Construction is about to begin on the first two neighborhoods of a $400 million master planned community in Valley Center—Park Circle.
The developer, Touchstone Communities, picked Shea Homes and Beazer Homes to kick off the residential construction, which will ultimately include 632 homes on the 188-acre site of a former dairy farm.
Site Development Underway
Site development is already underway and construction was started earlier this year on the community’s main clubhouse, said Kerry Garza, president of Touchstone Communities based in Mira Mesa.
“Our goal is to get builders going on the smallest projects as soon as possible,” Garza said. “Ultimately, there will be eight neighborhoods, probably I’m going to say five to seven different builders.”
Shea Homes will build 88 homes initially and Beezer will build 64 homes, but Garza said both companies could be among the builders chosen for other neighborhoods within Park Circle.
Initial construction will be around and near a circular park from which the development takes its name on the south end of the site along Valley Center Road.
Shea Homes is calling its part of the project Summer with cottage-style homes, said Paul Barnes, president of Shea Homes San Diego.
Includes Retail Center
The overall Park Circle project will include two private recreation buildings, several parks, a retail center and an extensive trail system, according to Touchstone Communities’ website.
Construction of the retail center at the southeast corner of the site is tentatively set to start in summer 2021.
The Beezer Homes neighborhood fronts the main road through the development – Park Circle Way near the 2.6-acre Harvest Park and recreation centers.
Garza said the neighborhood is “our Mayberry” in which every house has a front porch with garages in the back.
“What we’re doing there is pretty special,” Garza said. “All you see is the porches, no garages and cars parked in driveways and such.”
Jeana Boulos, a member of the Valley Center Planning Group, said the project is favored by some residents who say more housing is needed and criticized by those who prefer to keep Valley Center more rural.
“Valley Center in general doesn’t really have high density so when you have high density, you’re going to stand out,” Boulos said. “I’m hoping that the final results will be good, will be positive.”
She said Park Circle will provide needed moderately priced housing in parts of the development.
Bad Weather and COVID-19
The original plans called for a grand opening of the development earlier this year, but Garza said bad weather combined with the COVID-19 pandemic slowed construction.
“We had heavy rain during the winter and that really threw the project off. Then we got into the whole COVID slowdown, so it really pushed us back,” Garza said.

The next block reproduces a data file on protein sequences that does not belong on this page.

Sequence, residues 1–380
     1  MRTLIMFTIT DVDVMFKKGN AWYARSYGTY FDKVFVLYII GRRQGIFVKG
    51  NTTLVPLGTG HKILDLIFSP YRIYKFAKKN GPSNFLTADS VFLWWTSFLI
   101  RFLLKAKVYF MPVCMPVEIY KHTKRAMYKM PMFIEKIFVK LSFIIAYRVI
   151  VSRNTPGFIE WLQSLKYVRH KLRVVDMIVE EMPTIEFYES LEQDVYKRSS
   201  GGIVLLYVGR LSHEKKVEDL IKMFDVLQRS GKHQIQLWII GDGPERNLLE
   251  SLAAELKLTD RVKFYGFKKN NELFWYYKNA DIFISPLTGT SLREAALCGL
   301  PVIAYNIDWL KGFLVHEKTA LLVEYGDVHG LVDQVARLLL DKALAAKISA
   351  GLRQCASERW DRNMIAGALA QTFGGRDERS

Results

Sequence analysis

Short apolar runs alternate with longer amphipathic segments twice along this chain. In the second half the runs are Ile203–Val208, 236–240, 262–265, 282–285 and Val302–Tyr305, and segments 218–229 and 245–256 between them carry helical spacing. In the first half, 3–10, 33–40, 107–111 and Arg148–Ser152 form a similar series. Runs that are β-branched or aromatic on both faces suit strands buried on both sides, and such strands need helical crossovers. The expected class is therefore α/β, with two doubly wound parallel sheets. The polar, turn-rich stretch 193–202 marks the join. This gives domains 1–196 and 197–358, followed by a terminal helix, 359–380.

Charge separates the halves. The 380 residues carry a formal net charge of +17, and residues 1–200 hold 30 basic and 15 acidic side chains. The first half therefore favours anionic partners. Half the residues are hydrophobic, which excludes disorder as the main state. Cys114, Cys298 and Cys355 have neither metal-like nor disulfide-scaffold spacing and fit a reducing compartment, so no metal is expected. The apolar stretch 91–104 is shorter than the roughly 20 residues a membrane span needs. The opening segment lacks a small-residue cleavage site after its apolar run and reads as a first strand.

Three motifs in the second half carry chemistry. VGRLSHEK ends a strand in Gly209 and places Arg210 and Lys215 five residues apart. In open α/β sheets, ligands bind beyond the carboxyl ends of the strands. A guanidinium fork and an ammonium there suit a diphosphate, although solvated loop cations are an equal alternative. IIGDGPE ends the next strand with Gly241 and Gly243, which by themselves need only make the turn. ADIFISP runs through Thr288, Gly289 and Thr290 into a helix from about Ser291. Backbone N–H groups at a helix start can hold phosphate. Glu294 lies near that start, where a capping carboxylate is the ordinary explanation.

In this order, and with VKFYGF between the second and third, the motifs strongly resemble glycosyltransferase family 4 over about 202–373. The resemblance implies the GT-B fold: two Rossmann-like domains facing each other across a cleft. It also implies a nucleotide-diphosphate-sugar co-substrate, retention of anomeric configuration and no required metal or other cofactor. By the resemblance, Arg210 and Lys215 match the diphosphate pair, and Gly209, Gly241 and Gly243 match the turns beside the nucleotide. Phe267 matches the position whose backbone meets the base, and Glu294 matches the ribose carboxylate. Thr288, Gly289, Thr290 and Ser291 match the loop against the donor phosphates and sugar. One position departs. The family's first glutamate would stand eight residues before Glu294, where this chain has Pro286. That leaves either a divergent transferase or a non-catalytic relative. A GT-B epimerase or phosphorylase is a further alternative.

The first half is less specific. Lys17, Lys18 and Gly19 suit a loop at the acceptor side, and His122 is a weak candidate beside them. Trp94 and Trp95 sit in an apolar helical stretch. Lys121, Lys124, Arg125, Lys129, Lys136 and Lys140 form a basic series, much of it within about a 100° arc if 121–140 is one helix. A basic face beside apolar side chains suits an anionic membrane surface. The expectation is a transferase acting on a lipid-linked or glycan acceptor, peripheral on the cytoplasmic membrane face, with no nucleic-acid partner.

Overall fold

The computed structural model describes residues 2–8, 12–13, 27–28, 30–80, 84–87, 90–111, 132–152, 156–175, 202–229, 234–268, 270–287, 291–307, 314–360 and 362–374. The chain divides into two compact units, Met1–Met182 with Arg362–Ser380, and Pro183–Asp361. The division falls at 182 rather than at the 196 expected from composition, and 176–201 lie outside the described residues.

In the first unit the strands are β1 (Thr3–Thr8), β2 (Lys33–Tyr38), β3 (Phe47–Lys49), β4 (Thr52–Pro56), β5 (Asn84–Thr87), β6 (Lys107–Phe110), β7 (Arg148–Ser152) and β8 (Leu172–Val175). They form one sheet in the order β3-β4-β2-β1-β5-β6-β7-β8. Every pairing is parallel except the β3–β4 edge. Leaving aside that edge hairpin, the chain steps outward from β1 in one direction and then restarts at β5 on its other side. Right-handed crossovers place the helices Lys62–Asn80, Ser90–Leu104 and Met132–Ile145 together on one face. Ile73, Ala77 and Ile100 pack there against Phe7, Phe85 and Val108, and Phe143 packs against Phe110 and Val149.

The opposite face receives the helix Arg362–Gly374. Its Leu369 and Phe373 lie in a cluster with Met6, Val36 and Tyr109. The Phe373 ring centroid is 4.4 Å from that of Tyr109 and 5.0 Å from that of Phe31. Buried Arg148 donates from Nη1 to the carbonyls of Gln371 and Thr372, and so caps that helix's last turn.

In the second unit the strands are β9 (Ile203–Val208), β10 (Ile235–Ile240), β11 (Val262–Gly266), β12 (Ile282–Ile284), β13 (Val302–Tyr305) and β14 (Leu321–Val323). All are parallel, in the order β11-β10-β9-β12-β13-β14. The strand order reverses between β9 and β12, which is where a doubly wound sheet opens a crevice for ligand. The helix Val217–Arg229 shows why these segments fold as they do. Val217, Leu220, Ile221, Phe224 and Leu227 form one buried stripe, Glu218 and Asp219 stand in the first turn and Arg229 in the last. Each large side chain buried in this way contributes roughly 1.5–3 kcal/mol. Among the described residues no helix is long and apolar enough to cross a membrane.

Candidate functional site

The revised schedule calls for homes in the Shea Homes neighborhood to be open for sale in November or December with homes in the Breezer Homes neighborhood to come on line in late January 2021.
“The Shea Homes are the smallest product,” Garza said, ranging from 1,700 square feet to 2,100 square feet.
The Beezer Homes products will range from 2,400 square feet to 2,750 square feet, Garza said.
Among the parts of the project still to come is a 52-unit mix of townhomes and single-family homes that will be designated as affordable for low income and moderate income families.
“For families that are looking to buy a starter home, these are going to be great opportunities,” Garza said.
The market for Park Circle is likely to range from young families to empty nesters.
“A lot of these millennials, they want to raise their kids in the old traditional way. They want to get their kids out to the country, they want to feel safe. They want to ride their bikes around the neighborhood,” Garza said. “One of the things that changed recently due to COVID is there is a very strong interest for people to move out of the city to where they have a little more space. There’s also kids who grew up in Valley Center who want to get back to Valley Center.”
Park Circle was designed by Summa Architecture of Bonsall and Tim Jachlewski of In-Site Landscape Architecture Inc.
A New Downtown for Valley Center
Garza said the development would serve as a new downtown for Valley Center.
The site is at the northwest corner of Valley Center Road and Mira de Valle and was once Konyn Dairy, which closed in 2008.
The overall design of the community pays homage to the history of the property,
“It’s supposed to look like old California. You’re not going to find any Tuscan stone houses, modern contemporary houses with slick lines,” Garza said. “This is meant to blend in with the character of the area, which is really what most people are looking for nowadays. The whole Tuscan thing is gone. Everybody is out looking for the traditional farm house look.”
Boulos of the Planning Group said she likes the overall look of the development.
“It’s nice that it’s not just another cookie cutter neighborhood,” Boulos said. “They have tried to make it flow, not straight streets, curved streets.”
About a third of the property will be left as open space and Moosa Creek, which runs through the site, will be widened “to make a nice river corridor with two pedestrian bridges crossing it.
Baring any more setbacks, Park Circle should be built-out by mid-2023,Garza said.